Fractures are common in people with osteoporosis because their bones are more fragile than they used to be. The bones most at risk are the hips, wrists, and spinal vertebrae. These breaks may require special treatment.
When you have osteoporosis, your risk of breaking a bone is much higher than usual. Osteoporosis causes your bones to become weak, brittle, and fragile, which means even a minor bump or fall can cause a fracture.
Osteoporosis often leads to fractures in the hips, wrists, and spine. Compression fractures in your spinal column happen because the bones in your spine become too weak to support your body.
Learn more about the most common types of osteoporosis fractures and their symptoms, as well as how you can reduce your risk.
Osteoporosis fractures are breaks that happen because your bones have lost strength and mass over time. Osteoporosis doesn’t have any symptoms, so you may not know you have it until you experience your first fracture.
Osteoporosis is one of the most common causes of fractures in older adults. It’s estimated that at least
Accidents such as falls can cause bone fractures. However, osteoporosis may weaken bones to the point where seemingly harmless movements, such as coughing, bending, or lifting objects, may lead to fractures. This is especially true of vertical compression fractures (spinal fractures).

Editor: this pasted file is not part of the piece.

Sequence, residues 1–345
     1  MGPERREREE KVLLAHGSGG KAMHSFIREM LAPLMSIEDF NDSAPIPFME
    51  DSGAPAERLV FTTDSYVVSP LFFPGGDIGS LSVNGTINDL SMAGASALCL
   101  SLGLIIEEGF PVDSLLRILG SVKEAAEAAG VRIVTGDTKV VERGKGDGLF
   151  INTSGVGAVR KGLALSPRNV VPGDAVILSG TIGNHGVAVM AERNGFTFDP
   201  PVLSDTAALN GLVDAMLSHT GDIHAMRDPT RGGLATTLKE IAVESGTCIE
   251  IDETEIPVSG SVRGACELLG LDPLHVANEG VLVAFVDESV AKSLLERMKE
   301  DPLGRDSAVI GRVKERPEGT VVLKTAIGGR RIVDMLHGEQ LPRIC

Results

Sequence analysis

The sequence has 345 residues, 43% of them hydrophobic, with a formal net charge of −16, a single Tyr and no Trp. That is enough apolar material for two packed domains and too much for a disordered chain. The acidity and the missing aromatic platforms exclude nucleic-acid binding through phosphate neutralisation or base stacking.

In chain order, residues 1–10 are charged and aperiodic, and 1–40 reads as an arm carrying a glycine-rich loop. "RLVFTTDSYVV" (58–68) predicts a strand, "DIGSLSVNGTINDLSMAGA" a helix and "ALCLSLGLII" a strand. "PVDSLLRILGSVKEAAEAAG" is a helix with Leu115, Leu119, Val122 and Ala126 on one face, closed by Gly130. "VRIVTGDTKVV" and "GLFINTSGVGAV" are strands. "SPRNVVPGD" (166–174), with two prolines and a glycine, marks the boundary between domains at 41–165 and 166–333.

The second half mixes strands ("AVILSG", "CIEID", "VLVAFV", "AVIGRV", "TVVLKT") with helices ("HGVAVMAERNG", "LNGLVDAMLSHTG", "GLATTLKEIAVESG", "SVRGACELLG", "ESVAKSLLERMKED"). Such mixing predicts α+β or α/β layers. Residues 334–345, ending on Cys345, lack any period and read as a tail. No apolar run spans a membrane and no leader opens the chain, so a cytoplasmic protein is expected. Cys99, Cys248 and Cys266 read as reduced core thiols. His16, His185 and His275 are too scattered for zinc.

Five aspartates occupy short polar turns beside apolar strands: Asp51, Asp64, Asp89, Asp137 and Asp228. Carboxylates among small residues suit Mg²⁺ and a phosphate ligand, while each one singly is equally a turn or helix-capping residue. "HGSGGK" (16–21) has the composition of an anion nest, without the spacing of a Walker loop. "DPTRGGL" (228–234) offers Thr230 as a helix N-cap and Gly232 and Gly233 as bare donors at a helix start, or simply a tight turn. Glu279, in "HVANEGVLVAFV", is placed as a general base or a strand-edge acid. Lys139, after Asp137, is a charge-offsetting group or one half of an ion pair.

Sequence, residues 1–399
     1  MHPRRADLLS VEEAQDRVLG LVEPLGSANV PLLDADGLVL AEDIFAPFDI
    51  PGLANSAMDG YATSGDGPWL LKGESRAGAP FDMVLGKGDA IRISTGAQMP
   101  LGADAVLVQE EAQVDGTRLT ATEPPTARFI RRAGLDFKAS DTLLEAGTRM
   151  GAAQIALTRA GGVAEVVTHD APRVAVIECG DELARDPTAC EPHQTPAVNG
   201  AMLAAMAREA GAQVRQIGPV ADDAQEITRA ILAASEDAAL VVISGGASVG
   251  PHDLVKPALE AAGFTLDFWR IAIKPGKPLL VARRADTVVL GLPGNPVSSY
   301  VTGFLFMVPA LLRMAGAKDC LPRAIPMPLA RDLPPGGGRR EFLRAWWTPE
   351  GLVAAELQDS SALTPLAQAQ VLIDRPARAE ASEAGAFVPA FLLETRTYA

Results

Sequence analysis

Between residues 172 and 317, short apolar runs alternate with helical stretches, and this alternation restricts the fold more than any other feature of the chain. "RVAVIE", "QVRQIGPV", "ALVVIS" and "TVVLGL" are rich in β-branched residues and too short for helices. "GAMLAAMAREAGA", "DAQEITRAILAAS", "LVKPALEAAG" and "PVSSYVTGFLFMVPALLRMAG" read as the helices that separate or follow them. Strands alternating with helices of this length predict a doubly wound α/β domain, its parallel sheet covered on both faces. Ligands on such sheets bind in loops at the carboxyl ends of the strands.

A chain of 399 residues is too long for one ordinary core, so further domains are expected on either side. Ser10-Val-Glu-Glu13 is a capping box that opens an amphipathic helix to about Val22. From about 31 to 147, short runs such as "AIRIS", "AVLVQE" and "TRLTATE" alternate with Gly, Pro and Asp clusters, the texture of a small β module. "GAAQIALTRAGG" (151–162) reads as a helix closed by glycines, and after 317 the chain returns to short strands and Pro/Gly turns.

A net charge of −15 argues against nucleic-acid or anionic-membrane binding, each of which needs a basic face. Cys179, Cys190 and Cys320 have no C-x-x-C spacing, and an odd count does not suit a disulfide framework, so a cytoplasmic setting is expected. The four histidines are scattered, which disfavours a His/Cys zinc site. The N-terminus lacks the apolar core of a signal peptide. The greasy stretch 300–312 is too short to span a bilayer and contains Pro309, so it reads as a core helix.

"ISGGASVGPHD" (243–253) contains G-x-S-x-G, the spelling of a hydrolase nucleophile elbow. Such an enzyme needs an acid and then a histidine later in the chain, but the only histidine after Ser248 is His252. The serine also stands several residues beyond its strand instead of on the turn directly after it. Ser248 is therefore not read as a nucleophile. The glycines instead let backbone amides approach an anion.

When you have osteoporosis, your bones progressively weaken to the point where they become brittle and break easily. The condition is more common in women than in men, but people of all backgrounds are at risk. And that risk increases with age.
You’ll notice that the language used to share stats and other data points is pretty binary.
Although we typically avoid language like this, specificity is key when reporting on research participants and clinical findings.
Unfortunately, the studies and surveys referenced in this article didn’t report data on, or include, participants who were transgender, nonbinary, gender nonconforming, genderqueer, agender, or genderless.
Vertebral compression fractures (spinal fractures) develop as a result of weakness in the bones of your spine. Spinal fractures are almost twice as common as other types of fractures related to osteoporosis, like hip and wrist fractures.
You have 24 bones (vertebrae) in your spine. These bones are separated by intervertebral discs, which help act as shock absorbers during movement. Osteoporosis can cause the vertebrae to weaken and lose their shape, becoming narrower and flatter than they used to be. This can sometimes cause older adults to become shorter and develop a rounded back or hump.
Vertical compression fractures happen when the weakened vertebrae are put under too much pressure, causing them to crack. These fractures can happen after a fall or after minor everyday movements, like bending or twisting.
Osteoporosis spinal fractures are often painful, but some people experience no symptoms. You might notice that the pain in your back:
- worsens when you move
- gets better when you rest
- travels to your legs
- may worsen with small movements, such as coughing and sneezing